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What We Read Today 31 August 2014

Econintersect: Every day our editors collect the most interesting things they find from around the internet and present a summary "reading list" which will include very brief summaries (and sometimes longer ones) of why each item has gotten our attention. Suggestions from readers for "reading list" items are gratefully reviewed, although sometimes space limits the number included.


  • The criminalisation of American business (The Economist) The Economist thinks the American justice system is doing a terrible job of identifying the criminal acts in business operations and in punishing (really not punishing) the criminals.

  • Recent articles about Ferguson:

At least 5 current Ferguson officers apart from Brown shooter figure in lawsuits (Kimberly Kindy and Carol D. Leonnig, The Washington Post)

Ferguson shooting spurs curriculum advocates to craft lesson on race (Fox News)

  • Articles about wars elsewhere in the world:

Israel's defense establishment recommends easing Gaza restrictions (Amos Harel, Haaretz)

Libya May Be Focus Of Major Rift Between US And Regional Allies (, Naked Capitalism)

Philippine troops 'attacked in Syria's Golan Heights' (BBC News)

Pentagon: Iraq Operations Costing U.S. More Than $7.5 Million A Day (Zeke J. Miller, Time)

Russia Warns Ukraine Gas Reserves 'Critical' Ahead of Winter (Nigel Wilson, International Business Times)

Putin: You better not come after a nuclear-armed Russia (Greg Botelho and Laura Smith-Spark, CNN)

Russian 'Invasion' Breaks Budapest Memorandum, May Prompt NATO Action (Christopher Haress, International Business Times)

Vladimir Putin calls for escape route for trapped Ukrainian soldiers as fighting rages (Annie Gowan, The Washington Post)

28 volunteer soldiers trapped in Ukrainian town by separatists escape, officials say (Annie Gowan, The Washington Post)

There are 12 articles discussed today 'behind the wall'.

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  • Does divergence of S&P 500 and treasury yields pose threat to equities? (Matt Weller, Futures) We have discussed this before in recent days: in 2014 stocks and bond prices have risen in lock step. (Remember that bond prices rise when yields decline.) This author says that the behavior of stocks around the current level for the S&P 500 at 2,000 will determine where the rest of the year goes for stocks. He places high psychological significance on the 2,000 level - if the market advances from here in September, then 2,000 becomes a very strong support level and stocks could go higher through year end, according to Weller.


  • Russian Energy Giant Gazprom Wants Rubles, Not US Dollars, For Its Arctic Oil Exports Amid Western Sanctions (Maria Gallucci, International Business Times) Western sanctions against Russia are forcing its state-owned energy giants to ditch accept payment for its oil and gas exports in Russian rubles and Chinese yuan instead of the U.S. dollar. The currency switch is a protective measure for Russia and its state-controlled entities. Since U.S. dollars can be controlled and tracked by the American government, Moscow has begun avoiding making transactions in greenbacks, Kommersant said. Crude oil has been a U.S. dollar-denominated commodity for more than half a century.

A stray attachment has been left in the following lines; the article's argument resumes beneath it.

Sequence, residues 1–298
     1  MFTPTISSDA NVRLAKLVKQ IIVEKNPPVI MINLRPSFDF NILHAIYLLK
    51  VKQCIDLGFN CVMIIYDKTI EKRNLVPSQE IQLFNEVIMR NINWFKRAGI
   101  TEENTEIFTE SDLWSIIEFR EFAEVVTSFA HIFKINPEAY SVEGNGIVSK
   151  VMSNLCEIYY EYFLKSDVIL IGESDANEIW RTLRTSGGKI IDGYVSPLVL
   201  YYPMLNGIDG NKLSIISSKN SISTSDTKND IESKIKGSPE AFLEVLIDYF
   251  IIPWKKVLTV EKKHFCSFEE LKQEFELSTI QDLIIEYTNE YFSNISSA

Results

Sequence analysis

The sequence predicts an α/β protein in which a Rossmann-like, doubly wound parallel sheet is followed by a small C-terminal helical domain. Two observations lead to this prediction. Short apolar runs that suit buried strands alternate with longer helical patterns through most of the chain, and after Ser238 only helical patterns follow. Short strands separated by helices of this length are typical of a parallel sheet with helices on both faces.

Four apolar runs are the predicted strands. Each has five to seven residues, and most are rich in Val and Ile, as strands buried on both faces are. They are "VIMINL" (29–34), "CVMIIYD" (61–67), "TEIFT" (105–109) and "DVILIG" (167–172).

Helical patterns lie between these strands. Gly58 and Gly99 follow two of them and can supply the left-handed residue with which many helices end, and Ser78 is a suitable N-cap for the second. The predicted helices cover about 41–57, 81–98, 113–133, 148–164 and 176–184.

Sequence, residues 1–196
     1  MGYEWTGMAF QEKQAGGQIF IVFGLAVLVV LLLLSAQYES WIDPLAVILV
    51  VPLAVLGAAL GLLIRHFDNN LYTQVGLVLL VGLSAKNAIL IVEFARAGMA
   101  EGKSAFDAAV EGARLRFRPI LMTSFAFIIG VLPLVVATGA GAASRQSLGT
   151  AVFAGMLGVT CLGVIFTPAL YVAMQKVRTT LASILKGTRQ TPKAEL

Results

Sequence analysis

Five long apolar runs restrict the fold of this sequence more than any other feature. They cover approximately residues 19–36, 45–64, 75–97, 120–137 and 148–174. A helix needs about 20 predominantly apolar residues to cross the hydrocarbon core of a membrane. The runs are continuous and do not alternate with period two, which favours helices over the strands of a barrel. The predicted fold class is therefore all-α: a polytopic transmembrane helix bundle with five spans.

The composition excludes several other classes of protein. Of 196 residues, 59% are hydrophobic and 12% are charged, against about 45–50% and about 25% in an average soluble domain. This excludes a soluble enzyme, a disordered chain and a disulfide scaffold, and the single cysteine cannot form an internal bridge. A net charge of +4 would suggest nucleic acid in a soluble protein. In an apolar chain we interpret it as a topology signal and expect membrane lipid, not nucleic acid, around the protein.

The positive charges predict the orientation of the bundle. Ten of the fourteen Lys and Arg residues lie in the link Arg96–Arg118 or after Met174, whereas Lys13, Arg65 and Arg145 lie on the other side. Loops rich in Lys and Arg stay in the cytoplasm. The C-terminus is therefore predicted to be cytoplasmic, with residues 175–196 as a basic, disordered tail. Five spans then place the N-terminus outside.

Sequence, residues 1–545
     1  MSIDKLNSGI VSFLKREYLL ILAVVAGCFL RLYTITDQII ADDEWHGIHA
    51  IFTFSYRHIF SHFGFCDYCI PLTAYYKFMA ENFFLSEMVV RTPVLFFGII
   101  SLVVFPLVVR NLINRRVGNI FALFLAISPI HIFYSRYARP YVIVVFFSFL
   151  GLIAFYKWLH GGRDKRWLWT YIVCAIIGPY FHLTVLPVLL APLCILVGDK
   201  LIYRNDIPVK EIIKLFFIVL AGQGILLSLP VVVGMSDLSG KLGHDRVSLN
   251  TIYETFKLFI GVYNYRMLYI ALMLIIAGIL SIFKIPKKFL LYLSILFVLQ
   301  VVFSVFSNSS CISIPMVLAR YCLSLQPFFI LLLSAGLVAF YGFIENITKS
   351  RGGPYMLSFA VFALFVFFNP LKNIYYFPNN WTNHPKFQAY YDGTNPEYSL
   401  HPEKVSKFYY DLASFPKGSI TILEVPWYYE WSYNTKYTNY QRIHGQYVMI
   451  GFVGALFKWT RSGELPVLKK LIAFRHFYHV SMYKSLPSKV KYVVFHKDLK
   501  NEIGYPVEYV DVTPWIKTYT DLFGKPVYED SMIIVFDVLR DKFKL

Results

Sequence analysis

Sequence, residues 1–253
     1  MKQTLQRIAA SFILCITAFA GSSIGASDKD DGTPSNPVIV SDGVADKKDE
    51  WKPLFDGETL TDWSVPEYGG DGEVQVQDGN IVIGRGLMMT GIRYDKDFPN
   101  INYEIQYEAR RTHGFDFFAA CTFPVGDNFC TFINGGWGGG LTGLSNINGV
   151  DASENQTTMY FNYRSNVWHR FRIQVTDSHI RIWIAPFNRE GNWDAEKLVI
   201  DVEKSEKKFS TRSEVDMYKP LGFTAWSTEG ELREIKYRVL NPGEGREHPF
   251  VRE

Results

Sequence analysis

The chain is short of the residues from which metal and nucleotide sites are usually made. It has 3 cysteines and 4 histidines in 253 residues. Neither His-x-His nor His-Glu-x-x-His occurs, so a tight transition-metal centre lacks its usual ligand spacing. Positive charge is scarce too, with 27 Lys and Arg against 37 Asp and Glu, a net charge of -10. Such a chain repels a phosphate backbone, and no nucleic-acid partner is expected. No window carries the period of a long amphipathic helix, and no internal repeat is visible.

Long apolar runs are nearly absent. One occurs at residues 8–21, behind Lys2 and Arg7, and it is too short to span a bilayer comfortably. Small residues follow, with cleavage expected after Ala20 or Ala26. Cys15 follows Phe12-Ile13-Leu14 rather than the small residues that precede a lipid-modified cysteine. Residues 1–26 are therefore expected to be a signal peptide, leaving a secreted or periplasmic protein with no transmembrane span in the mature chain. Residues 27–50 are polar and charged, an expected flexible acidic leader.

• New Rules for Reverse Mortgages (Donald Jay Korn, Financial Planning) Even though the rules have been changed to provide greater consumer protection, reverse mortgages are beneficial financial tools only in certain select cases.
  • Why is Europe not Coming together in Response to the Euro Crisis? (Yanis Varoufakis, thoughts for the post-2008 world) Hat tip to Lambert Strether, Naked Capitalism. The United States struggled mightily for a century and a half to achieve federalism, but the EU has not shown any sign of even starting that struggle. Varoufakis elegantly lays out the morass of problems that is the EU and starts the discussion of a way forward.
  • Markets signaling return of economic weakness in China (Walter Kurtz, Sober Look) China's strengthening manufacturing sector appears to be hitting some resistance, as indicated by price declines for industrial commodities' futures. Iron and steel is a particularly graphic example.


  • IMF Lists 25 Brightest Young Economists (Boby Michael, International Business Times) Yes, Thomas Piketty is on the list, as are Amir Sufi, Atif Mian, Emmanuel Saez and Justin Wolfers whose work we follow frequently.
  • JPMorgan and Other Banks Struck by Hackers (Nicole Perlroth, The New York Times) A number of United States banks, including JPMorgan Chase and at least four others, were struck by hackers in a series of coordinated attacks this month, according to four people briefed on a continuing investigation into the crimes. The origin of the attacks is not known.
  • What Lies Beneath Stonehenge? (Ed Caesar, The Smithsonian) Much new detail has been defined at the ancient site and activities carried on there are more clearly understood. The age of the structures there are now dated back almost 5,000 years. Still a mystery: How were the huge rocks transported 170 miles from the quarry site in Wales?
  • Global Map of Internet Devices (Walter Kurtz, The Daily Shot email, no url)


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